Smoking in Russia has a long history. Tobacco has long been traded in the country, both from the West and China. Some 40% of Russians smoke, which is one of the highest rates in the world.
If you’re reading this ahead of a Baltic cruise to St Petersburg then the chances are that you’re from a country with fairly strict laws on smoking in public places. Russia is somewhat behind the rest of the world in legislating on smoking in public places. However, driven by the high number of smoking related deaths, new anti-smoking legislation comes into force in June 2013.
From then, it will be illegal to smoke within 15 meters of entrances to train stations, bus stations, airports and ports. It will also be illegal to smoke in the entrance to apartment blocks, in workplaces, on beaches and in children’s playgrounds.
The law becomes stricter in June 2014. From then on, it will be illegal to smoke in bars, restaurants and pubs. It will also be illegal to smoke on long-distance trains and boats, and on suburban railway platforms.
So, that covers where you can smoke. But how should you go about buying cigarettes? Many Russians used to buy their cigs from street side kiosks. But this will become illegal too. You’ll need to go to a larger shop, which will provide a price list, but not display any tobacco advertising. If this sounds rather daunting, you can ask your guide to help, or buy cigarettes on board.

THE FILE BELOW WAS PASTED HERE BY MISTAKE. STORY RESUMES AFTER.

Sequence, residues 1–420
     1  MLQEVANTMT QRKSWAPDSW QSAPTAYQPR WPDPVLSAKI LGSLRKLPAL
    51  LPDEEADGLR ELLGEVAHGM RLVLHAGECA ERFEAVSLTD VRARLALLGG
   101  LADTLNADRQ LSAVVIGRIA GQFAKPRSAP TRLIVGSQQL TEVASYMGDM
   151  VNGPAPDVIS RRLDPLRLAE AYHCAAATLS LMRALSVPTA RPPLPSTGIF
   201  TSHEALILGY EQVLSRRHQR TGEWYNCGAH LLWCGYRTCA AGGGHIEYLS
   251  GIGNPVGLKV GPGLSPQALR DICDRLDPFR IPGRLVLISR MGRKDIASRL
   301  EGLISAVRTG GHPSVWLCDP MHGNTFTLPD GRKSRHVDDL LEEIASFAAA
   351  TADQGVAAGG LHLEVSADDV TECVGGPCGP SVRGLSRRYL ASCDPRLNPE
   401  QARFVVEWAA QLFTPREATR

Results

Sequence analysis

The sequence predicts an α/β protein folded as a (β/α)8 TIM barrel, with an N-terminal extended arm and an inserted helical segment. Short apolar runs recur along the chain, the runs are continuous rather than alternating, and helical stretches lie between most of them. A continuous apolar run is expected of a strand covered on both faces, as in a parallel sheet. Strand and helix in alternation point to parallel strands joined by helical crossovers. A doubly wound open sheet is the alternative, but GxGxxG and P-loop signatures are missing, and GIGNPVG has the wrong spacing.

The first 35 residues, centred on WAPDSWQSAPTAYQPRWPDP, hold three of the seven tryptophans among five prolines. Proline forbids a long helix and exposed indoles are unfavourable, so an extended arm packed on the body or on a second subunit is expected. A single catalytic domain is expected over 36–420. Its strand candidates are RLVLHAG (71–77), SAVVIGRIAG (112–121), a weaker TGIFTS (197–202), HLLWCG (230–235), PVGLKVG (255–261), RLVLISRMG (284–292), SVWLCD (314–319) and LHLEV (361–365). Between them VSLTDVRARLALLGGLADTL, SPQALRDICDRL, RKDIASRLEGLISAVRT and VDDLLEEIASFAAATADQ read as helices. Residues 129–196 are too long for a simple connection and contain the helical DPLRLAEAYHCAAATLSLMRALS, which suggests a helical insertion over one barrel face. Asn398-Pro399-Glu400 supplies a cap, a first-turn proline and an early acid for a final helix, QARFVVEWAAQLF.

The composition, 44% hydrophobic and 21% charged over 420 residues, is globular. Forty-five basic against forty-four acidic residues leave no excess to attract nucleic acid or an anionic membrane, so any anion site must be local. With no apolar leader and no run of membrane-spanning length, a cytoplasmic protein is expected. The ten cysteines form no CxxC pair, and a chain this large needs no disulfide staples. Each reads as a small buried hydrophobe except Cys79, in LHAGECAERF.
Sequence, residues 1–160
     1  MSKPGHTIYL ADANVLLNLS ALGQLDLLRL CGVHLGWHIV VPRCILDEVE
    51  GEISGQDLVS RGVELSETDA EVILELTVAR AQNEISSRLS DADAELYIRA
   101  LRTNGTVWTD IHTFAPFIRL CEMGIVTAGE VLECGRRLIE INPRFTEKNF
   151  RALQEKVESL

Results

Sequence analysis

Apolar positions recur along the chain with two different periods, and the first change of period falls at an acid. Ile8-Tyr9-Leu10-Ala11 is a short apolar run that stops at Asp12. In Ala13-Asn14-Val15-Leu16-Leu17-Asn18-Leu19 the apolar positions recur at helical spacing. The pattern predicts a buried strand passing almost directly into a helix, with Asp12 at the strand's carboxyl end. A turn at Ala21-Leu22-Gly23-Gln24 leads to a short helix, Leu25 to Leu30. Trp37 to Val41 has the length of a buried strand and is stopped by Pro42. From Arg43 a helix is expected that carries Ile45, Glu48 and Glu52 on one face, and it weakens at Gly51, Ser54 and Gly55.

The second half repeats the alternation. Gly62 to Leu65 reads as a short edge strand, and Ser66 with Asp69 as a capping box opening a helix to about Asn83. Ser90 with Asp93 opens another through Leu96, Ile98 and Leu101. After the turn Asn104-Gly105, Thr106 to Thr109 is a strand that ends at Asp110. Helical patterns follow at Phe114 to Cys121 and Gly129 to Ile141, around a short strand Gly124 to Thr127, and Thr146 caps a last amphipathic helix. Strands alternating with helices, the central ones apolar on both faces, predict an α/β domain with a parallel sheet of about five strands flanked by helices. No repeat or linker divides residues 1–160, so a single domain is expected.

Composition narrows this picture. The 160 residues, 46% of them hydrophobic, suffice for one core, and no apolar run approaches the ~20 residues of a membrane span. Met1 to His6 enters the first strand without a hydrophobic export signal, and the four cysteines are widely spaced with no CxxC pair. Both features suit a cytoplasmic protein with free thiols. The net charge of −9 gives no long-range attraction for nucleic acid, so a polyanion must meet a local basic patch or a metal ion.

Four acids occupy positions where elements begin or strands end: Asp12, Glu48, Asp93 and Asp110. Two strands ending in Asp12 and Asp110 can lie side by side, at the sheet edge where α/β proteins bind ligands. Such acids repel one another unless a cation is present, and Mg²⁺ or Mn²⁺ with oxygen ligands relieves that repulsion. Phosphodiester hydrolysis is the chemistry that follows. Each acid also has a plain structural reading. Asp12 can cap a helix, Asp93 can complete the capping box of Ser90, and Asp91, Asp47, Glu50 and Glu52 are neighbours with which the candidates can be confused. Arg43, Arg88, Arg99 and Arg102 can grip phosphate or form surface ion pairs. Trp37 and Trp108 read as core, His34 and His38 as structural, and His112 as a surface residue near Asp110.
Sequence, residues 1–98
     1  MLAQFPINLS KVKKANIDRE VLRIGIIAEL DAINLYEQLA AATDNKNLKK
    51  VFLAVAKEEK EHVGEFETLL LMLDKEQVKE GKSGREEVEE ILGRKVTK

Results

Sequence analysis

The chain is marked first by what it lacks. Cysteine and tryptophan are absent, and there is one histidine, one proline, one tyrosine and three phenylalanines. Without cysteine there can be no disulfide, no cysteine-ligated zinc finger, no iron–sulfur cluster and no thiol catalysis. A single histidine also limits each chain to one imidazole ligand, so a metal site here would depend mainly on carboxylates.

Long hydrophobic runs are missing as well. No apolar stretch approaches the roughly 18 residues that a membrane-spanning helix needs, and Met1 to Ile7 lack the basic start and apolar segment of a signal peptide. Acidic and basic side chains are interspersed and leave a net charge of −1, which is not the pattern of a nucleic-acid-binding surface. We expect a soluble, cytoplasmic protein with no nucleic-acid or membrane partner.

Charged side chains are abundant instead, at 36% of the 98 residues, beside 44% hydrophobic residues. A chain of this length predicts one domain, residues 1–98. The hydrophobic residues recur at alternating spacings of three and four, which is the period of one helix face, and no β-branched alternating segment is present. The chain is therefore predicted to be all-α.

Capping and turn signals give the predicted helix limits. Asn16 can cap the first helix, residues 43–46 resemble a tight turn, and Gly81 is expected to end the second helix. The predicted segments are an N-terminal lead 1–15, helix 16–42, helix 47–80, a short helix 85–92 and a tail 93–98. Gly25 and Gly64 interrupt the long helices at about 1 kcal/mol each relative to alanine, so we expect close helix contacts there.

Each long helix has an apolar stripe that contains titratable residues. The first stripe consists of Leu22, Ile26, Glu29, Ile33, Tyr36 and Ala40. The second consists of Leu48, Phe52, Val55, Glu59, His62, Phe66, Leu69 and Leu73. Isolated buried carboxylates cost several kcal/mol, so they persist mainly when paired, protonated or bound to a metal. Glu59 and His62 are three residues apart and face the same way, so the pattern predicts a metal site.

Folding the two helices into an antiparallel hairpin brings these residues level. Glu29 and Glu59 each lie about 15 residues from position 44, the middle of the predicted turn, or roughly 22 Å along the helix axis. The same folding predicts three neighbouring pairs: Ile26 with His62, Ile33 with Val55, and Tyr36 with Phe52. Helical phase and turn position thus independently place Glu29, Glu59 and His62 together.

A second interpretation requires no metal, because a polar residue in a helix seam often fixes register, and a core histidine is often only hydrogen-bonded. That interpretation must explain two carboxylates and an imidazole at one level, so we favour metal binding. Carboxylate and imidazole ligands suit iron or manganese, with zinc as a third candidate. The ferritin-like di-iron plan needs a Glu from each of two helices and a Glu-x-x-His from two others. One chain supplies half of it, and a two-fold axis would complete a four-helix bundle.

Another factor when buying cigarettes is cost. The bad news for smokers is that the Russian government will introduce a minimum price for tobacco. The good news is that cigarettes in Russia will still cost a fraction of what they do at home – consider making full use of your duty allowance (this is dependent on your home country). Local brands are particularly good value, although you can also buy the familiar international brands at a reduced cost.
There is some debate about how strictly the laws will be adhered to, and how rigorously they will be enforced. However, don’t expect to get away with flouting the restrictions because you’re a tourist.
Of course, there are laws surrounding smoking, and also social conventions. It’s sometimes considered bad manners to smoke around young children. If you are invited to someone’s house, or are in someone’s car, don’t light up without asking first. If in doubt, find somewhere where other people are already smoking.
The current laws and conventions on smoking in Russia bring mixed benefits for both smokers and non-smokers. For non-smokers, who really don’t like smoky bars or restaurants, there has never been a better time to plan a visit – although, it is likely that you’ll still notice many more people smoking in the street than in your home country.
By Natalia Rogachyova on Google+
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